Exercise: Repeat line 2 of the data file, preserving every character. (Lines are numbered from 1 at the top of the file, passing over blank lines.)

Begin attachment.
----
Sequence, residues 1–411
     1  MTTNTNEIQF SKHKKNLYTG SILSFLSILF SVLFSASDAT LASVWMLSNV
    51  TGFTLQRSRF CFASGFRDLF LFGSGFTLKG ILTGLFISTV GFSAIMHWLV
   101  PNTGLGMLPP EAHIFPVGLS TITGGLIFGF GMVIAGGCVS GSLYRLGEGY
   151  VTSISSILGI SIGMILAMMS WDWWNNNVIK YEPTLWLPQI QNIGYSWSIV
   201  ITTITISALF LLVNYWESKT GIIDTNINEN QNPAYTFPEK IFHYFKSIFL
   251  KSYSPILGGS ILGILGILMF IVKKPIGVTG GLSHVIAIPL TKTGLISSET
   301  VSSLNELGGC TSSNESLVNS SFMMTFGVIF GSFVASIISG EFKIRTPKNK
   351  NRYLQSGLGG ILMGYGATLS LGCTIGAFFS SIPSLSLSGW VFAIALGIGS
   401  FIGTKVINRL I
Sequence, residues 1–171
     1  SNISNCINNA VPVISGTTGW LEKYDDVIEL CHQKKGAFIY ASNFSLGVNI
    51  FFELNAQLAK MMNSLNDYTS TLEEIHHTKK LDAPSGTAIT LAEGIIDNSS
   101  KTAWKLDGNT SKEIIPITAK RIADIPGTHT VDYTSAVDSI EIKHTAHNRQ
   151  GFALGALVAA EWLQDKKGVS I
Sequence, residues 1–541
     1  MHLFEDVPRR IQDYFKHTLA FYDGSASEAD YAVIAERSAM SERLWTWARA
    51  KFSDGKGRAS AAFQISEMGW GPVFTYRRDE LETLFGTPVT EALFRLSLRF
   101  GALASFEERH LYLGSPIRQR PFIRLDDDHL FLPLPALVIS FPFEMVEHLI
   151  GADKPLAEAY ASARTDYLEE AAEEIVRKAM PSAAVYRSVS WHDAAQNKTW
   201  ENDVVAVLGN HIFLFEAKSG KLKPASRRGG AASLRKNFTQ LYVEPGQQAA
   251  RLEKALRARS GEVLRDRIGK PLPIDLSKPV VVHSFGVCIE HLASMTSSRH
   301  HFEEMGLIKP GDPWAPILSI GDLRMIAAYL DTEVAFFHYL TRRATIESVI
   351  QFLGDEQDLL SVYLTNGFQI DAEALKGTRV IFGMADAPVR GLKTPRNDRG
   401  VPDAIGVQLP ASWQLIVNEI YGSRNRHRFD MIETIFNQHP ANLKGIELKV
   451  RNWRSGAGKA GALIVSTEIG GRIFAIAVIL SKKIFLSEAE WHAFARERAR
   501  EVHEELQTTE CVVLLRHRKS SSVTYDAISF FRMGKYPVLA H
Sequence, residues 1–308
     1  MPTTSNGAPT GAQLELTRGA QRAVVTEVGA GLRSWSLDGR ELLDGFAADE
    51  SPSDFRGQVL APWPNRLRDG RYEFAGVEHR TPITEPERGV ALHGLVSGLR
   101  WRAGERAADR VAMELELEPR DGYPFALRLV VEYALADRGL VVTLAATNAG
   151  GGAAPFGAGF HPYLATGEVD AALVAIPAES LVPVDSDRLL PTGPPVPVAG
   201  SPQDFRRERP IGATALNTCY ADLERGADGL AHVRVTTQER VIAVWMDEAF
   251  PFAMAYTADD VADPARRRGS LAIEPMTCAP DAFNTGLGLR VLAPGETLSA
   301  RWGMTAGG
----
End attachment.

     1  MTTNTNEIQF SKHKKNLYTG SILSFLSILF SVLFSASDAT LASVWMLSNV